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Medical Informatics Solutions Improve Patient Care

By HospiMedica International staff writers
Posted on 01 Apr 2014
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Image: SurgeryPad (left) and MITK Pocket (right) (Photo courtesy of Mbits).
Image: SurgeryPad (left) and MITK Pocket (right) (Photo courtesy of Mbits).
Two innovative solutions provide data accessibility and imaging capabilities to ensure efficiency and the best possible treatment at the point-of-care (POC).

Developed by Mbits (Heidelberg, Germany), a spin-off company of the German Cancer Research Center (DKFZ; Heidelberg, Germany), the new solutions deliver medical imaging applications on mobile devices such as smartphones and tablets, the most rapidly developing technology platform in the history of mankind. The two solutions optimize multiple clinical POC uses, ranging from radiological workflows, intraoperative applications, and up to augmented reality.

MITK pocket, specifically designed for mobile devices, offers clinicians access to images while they are off-duty or off-ward, enabling direct inter-expert as well as physician-patient exchange, without being bound to stationary work places. Moreover, patients and clinicians alike may view and interact with images on their own mobile device using an intuitive user interface with sophisticated gesture input possibilities via an innovative motion sensor. Routinely used tools, such as annotations and measurements, are also available as individual level window settings and synchronized multiple window viewing.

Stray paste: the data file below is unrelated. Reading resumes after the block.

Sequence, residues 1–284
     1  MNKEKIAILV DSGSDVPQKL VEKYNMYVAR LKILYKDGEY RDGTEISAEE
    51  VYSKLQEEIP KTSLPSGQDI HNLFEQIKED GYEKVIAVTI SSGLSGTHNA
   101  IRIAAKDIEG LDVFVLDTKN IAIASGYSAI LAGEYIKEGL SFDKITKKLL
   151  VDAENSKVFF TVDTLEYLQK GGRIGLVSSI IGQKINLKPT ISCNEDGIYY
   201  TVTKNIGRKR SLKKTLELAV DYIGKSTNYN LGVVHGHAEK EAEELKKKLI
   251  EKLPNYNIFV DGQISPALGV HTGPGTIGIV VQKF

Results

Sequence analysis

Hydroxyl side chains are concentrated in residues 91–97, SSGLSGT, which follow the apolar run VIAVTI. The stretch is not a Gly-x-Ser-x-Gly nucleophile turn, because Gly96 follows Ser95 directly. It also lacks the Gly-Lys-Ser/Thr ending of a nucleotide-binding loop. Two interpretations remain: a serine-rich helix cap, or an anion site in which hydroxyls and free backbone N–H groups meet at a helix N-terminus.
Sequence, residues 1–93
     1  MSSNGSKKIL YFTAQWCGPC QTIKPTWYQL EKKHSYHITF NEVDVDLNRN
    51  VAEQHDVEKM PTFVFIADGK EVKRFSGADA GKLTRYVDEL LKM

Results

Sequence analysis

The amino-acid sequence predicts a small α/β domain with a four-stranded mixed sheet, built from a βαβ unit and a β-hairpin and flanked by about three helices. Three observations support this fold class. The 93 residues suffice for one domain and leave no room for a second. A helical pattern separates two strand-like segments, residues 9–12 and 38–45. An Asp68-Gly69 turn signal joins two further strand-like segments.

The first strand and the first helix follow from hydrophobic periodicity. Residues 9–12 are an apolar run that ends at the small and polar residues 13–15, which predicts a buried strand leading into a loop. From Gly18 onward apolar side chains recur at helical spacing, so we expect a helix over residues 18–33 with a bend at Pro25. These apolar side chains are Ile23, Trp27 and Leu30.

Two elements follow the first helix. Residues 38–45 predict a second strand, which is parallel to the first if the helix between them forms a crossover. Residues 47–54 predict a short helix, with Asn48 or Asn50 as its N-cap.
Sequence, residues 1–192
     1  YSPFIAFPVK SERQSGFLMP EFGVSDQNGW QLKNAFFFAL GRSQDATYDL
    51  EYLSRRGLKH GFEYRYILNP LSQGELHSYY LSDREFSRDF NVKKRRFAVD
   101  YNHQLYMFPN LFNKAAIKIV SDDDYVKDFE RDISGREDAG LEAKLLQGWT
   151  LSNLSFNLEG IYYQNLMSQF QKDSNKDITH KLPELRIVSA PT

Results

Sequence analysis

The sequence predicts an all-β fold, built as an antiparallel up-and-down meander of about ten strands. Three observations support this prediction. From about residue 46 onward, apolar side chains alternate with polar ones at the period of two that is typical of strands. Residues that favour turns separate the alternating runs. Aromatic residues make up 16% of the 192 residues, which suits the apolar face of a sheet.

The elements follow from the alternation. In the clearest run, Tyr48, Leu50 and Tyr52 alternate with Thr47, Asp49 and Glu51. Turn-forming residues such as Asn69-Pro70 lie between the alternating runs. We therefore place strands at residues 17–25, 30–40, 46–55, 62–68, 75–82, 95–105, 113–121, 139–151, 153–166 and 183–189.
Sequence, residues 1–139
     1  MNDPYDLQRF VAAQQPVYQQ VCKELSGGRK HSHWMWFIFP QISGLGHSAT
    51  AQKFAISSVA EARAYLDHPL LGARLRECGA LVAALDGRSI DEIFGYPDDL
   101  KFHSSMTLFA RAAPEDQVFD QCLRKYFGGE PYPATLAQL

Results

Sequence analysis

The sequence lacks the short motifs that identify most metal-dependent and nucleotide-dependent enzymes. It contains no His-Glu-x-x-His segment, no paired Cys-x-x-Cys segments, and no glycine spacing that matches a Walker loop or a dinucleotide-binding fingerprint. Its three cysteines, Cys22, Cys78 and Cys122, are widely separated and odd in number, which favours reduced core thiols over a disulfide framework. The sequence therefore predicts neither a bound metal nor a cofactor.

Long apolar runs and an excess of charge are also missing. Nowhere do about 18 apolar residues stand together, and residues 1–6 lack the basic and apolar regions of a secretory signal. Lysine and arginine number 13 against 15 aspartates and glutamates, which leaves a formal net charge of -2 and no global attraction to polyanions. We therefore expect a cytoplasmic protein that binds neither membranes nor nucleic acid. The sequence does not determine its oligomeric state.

An intelligent management capability downloads images in the background, which are then encrypted and stored locally on the device, removing the need of a permanent internet or Wi-Fi connection; Well-established authentication security measures protect image data and privacy. MITK pocket integrates with any picture archiving and communication system (PACS) via a minimal server application that is registered as a Digital Imaging and Communications in Medicine (DICOM) node.

The second innovation, SurgeryPad, is an augmented reality application for tablet computers that helps clinicians visualize individual, three-dimensional (3D) anatomy of patients which are virtually reconstructed from computed tomography (CT) or magnetic resonance imaging (MRI). The images are superimposed on the tablet display to provide an insight into the patient's individual anatomy prior to surgery. During surgery, the camera of the device captures the underlying scene and superimposes the corresponding organs on the display, accurately and in real-time.

Related Links:

German Cancer Research Center

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